The second support claim used by the author is that society has to change how it handles offenders. Average offenders are labeled as serious, violent, and savagelike, but people do not take the time to find out the details of the criminals' pasts and the reasoning behind their acts. Miller writes, "Those are the kinds of things we not only do not want to know but from which we run in fear - because if we were to hear them, we'd all feel a little bit guilty. It's much easier to start talking about people in genetic terms" (567). The author uses this support very wisely.
In his argument Trippett challenges the assumption that not only violent crime breaks the law, in addition small crimes could break the law as much as major. In his view he firmly believes that people who aren’t law breakers should stay the same and keep abiding the law. Ultimately, Trippett asserts that when society breaks laws in can have a detriment upon others. One of the main implications is younger people in a possibility can be influenced to break laws and they can influence more and more people and that can cause a big problem in society. Furthermore Trippett’s argument is agreeable and has strong evidence.fgdfgdsdgfgfdgyrtsdhtrdxhbtrfxnsr One can consider themselves a non-law breaker; however there is a slight possibility that one may have broken a “minor” law themselves without even knowing.
They also maintain that criminal acts such as fraud and identity theft would be drastically reduced and that racial profiling by law enforcement officials would be discouraged. However, opponents of national ID cards are skeptical of these claims, as they should be. There is more than sufficient evidence to show that any progress made by national ID cards would be heavily outweighed by the issues that would arise as a result of their use. History has proven that the government tends to abuse ID systems and databases during times of crises, and this would be no exception. Also, such a systems cost and its proneness to errors should be enough to deter from its use.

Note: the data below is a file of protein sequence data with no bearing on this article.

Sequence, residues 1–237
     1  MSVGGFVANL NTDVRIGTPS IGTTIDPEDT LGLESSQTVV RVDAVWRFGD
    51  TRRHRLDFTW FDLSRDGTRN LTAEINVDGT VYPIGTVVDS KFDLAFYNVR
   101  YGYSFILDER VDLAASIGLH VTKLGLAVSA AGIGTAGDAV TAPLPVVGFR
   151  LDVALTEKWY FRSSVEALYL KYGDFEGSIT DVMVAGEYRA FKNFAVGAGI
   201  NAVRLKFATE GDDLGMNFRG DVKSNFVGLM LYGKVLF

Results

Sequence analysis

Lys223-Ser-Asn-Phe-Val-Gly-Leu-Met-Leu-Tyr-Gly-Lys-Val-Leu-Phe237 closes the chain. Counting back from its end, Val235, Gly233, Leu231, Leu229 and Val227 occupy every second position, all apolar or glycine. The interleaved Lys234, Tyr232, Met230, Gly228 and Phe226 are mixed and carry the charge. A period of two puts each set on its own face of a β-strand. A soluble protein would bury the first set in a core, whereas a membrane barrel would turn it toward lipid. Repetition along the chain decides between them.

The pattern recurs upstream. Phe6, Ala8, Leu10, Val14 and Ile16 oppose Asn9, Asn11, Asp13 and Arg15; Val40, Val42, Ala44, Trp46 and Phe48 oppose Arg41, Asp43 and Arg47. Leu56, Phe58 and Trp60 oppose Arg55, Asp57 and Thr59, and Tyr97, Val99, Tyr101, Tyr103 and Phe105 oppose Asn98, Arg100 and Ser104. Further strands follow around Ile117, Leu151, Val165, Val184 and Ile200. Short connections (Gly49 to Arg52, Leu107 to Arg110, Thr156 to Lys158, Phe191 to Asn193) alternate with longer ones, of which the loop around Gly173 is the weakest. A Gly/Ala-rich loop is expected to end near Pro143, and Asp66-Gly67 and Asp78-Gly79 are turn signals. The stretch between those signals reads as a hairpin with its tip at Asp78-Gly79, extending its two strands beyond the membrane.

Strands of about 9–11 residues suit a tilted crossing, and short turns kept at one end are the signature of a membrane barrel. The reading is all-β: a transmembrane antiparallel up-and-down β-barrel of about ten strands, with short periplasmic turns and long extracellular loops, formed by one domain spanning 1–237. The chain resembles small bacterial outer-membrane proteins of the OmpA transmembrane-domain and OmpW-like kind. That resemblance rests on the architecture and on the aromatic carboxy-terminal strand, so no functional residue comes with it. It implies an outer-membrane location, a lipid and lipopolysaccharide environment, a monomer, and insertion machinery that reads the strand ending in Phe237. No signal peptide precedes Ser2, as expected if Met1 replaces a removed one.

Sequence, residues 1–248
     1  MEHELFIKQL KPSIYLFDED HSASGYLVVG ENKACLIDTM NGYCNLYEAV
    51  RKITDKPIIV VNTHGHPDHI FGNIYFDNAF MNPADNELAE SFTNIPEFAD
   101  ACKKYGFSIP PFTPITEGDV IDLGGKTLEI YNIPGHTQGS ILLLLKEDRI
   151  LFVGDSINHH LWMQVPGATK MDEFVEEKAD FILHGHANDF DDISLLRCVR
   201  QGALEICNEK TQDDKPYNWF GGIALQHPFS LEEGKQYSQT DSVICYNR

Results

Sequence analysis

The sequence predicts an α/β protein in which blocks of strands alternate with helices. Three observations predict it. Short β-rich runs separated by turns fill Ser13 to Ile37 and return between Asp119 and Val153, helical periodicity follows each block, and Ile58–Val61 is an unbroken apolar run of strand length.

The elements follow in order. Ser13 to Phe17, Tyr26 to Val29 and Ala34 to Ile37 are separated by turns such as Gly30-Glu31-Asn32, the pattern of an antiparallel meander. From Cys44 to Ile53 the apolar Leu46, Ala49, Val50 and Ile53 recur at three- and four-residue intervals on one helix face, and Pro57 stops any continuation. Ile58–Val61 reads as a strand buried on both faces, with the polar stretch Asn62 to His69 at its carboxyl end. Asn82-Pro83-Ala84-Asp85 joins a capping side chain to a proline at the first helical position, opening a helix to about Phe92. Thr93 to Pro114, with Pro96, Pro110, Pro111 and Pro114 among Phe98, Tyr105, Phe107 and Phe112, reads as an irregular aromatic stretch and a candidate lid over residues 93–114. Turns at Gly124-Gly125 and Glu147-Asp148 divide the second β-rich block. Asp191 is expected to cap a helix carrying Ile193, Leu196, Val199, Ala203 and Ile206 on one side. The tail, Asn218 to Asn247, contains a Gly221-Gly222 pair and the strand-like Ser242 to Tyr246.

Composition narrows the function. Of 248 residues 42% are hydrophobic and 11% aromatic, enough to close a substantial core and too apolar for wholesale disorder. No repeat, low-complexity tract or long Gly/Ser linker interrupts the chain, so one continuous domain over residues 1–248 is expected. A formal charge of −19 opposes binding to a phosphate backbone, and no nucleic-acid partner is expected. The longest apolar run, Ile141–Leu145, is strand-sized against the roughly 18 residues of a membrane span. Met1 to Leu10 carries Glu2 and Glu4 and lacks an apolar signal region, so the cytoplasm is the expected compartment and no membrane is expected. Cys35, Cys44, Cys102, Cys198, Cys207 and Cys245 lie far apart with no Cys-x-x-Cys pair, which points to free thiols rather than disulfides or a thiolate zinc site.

Another reason they it as a disadvantage was because according to the dissent “some cases cannot be solved without confessions”. Also they implied the “welfare” of our society was at stake because it would let criminals run free, if the Miranda rights weren’t stated to them correctly. This was a “hazardous” experiment which could have a dismal outcome and prove to be very ineffective in the future. Furthermore, the dissenting opinion on the way the police officers had treated suspects amendment rights were “exaggerated” and that the outcome was only to favor the accused more favorably. Our Fifth and Sixth Amendment rights have changed since the Miranda v. Arizona case got brought to the attention of the Supreme Court.
The laws that are in affect now are only slightly protective of the minorities in hate crimes. The laws that are in state right now say that a hate crime offender can only be prosocuted for their crimes if they are prohibiting the minority or victum of the hate crime from a “federally protected right”. Such as attending school, voting and etc. The victums of hate crimes do not think that these laws are very strict. The victoms are demanding newer stricter laws.